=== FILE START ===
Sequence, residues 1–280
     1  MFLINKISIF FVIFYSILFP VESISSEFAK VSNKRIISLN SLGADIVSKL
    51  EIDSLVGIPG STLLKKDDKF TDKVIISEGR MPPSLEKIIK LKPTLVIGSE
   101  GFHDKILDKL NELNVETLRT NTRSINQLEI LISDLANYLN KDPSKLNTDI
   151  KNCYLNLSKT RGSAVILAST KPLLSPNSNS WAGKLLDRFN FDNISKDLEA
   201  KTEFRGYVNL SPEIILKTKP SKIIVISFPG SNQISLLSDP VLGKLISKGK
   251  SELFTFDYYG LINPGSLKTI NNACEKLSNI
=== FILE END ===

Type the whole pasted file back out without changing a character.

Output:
Sequence, residues 1–280
     1  MFLINKISIF FVIFYSILFP VESISSEFAK VSNKRIISLN SLGADIVSKL
    51  EIDSLVGIPG STLLKKDDKF TDKVIISEGR MPPSLEKIIK LKPTLVIGSE
   101  GFHDKILDKL NELNVETLRT NTRSINQLEI LISDLANYLN KDPSKLNTDI
   151  KNCYLNLSKT RGSAVILAST KPLLSPNSNS WAGKLLDRFN FDNISKDLEA
   201  KTEFRGYVNL SPEIILKTKP SKIIVISFPG SNQISLLSDP VLGKLISKGK
   251  SELFTFDYYG LINPGSLKTI NNACEKLSNI